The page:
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Archive for September, 2013

As a fan of Stargate from its beginning (it was the reason we got Showtime, all those years ago), I was interested in this article about how they could continue the franchise. Then I saw this quote:

“The fact that the last Stargate episode aired only two years ago suggests the fans are still out there and, if a movie or series is produced sooner than later, one could count on their support – in addition to the potential support of new viewers. Strike while the iron is hot! Then again, the ratings for SGUs final season could suggest viewer fatigue and maybe waiting is advisable.”

“Viewer fatigue”? Like the “franchise fatigue” the Star Trek people keep complaining about? What is this “fatigue” we’re all supposed to be suffering from? It can’t be an ennui brought on by sameness, or episodic television would have died in the 1970s. Besides, James Bond is on his, what, 25th movie? I don’t see any “franchise fatigue” weighing down Daniel Craig, do you?

How about, Hollywood, you call it the way the rest of us all see it–lousy writing. Face it, Stargate: Universe was dull, bland, and peopled with thin, unappealing characters. You can get away with cardboard characters, but something has to happen–see, for example, any Dan Brown novel–and in SGU, nothing ever did. The same goes for Star Trek. When we were watching the Next Generation or DS9, there was no “viewer fatigue.” But Voyager never really took off, and Enterprise was cut off at the knees, not by an audience too tired to sit in front of the tube, but by inept storytelling. No one watched because they didn’t want to, not because they were too exhausted to do anything but lie in bed and read a book.

I know taking responsibility is unfashionable, but blaming the viewers for your bad ratings is like the local team blaming its lack of scoring on fans who leave in the seventh inning. We pay you to entertain us, and if you don’t, we’ll get tired, all right, tired of you.

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For those who are not of that particular persuasion, allow me to start off by explaining that the Worldcon is the World Science Fiction Convention, held each year around the end of summer in various cities across the globe. This year’s Worldcon was in San Antonio, Texas, a lovely town with far too many resemblences to an Amazon rain forest for my comfort. (To wit, heat and humidity at nearly the same numbers. I saw no pirahna nor anacondas, so there’s that.)

Worldcon is on my mind because it is the first convention I have attended as a professional writer, after attending dozens as a wannabe writer. The difference is striking, if only because SFWA (Science Fiction and Fantasy Writers of America) offers a members-only suite with complimentary refreshments for virtually the entire convention. This alone is worth admission in my book.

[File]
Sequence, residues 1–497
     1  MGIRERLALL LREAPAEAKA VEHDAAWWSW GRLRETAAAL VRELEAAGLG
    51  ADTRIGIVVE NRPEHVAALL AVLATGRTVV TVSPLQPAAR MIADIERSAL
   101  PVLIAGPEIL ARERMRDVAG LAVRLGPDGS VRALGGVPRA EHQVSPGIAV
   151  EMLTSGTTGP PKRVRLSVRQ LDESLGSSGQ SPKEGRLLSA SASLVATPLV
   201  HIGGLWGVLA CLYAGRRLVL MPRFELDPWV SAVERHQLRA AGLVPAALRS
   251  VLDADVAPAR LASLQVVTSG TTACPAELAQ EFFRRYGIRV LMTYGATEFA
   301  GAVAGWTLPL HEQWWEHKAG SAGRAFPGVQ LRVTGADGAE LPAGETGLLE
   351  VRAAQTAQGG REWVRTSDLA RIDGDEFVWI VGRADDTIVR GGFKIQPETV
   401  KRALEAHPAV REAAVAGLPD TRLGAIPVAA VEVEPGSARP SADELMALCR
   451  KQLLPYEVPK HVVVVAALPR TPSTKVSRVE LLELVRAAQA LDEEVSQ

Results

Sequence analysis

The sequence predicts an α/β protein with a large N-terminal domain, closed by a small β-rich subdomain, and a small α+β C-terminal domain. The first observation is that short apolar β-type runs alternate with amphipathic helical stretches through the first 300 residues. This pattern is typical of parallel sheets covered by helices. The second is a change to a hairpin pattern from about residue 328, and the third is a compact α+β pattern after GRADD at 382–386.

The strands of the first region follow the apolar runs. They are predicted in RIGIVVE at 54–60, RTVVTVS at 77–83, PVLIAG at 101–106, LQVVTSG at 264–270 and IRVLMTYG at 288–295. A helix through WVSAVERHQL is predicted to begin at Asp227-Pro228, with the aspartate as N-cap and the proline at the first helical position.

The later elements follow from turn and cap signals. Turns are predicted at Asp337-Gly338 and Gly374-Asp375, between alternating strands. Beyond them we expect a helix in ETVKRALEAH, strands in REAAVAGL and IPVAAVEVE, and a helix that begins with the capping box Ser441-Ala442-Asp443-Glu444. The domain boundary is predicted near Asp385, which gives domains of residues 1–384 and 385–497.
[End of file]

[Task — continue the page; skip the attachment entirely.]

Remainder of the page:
But I digress. The weeks before the con were frantic, because I was trying to organize promotional materials for The Invisible City to set out at various tables where conventions let you do such things. I also commissioned a T-shirt with my cover on the front and web site on the back, which I could and did wear. Given that paid attendance for the Worldcon was nearly 6000, this loomed as a big opportunity. (I didn’t get the bookmarks I wanted, but it turned out the only place for them would have been in the midst of several hundred other sets of bookmarks and post cards. They almost certainly would have been lost in the crowd. So that was a wash.)

One night at the SFWA suite, however, I was talking to some other writers, and one mentioned a friend who was a new author and hoping to get big traction at this, her first Worldcon. She was hoping, in fact, that it would “change her life,” and we veterans sadly agreed that this was not likely to happen; although we all approach these meetings with high hopes, in the end they are always pie in the sky.

It hit me that I was in the same boat as that author, thinking that this convention could catapult my book to a higher level of sales if only I could take advantage of it. And I knew better (or should). Building a writing career is no different than any other. It is a process. It takes time. Like the pyramids, it may not be done in your lifetime. I spent a lot of time talking to other writers, a chance I probably would not have had before. I volunteered at the SFWA table, helping to sell merchandise and answer questions. These are the things that will help me get somewhere in this business (oh, and writing some stuff).

Which does not mean I won’t still wear that T-shirt. You gotta advertise…

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